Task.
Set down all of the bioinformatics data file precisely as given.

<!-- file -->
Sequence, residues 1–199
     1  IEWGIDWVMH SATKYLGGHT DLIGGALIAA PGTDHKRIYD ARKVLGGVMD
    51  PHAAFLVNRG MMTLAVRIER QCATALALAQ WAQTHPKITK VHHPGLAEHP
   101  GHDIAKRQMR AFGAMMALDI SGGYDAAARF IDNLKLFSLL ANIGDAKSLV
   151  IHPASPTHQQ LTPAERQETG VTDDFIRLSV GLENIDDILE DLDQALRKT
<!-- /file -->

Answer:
Sequence, residues 1–199
     1  IEWGIDWVMH SATKYLGGHT DLIGGALIAA PGTDHKRIYD ARKVLGGVMD
    51  PHAAFLVNRG MMTLAVRIER QCATALALAQ WAQTHPKITK VHHPGLAEHP
   101  GHDIAKRQMR AFGAMMALDI SGGYDAAARF IDNLKLFSLL ANIGDAKSLV
   151  IHPASPTHQQ LTPAERQETG VTDDFIRLSV GLENIDDILE DLDQALRKT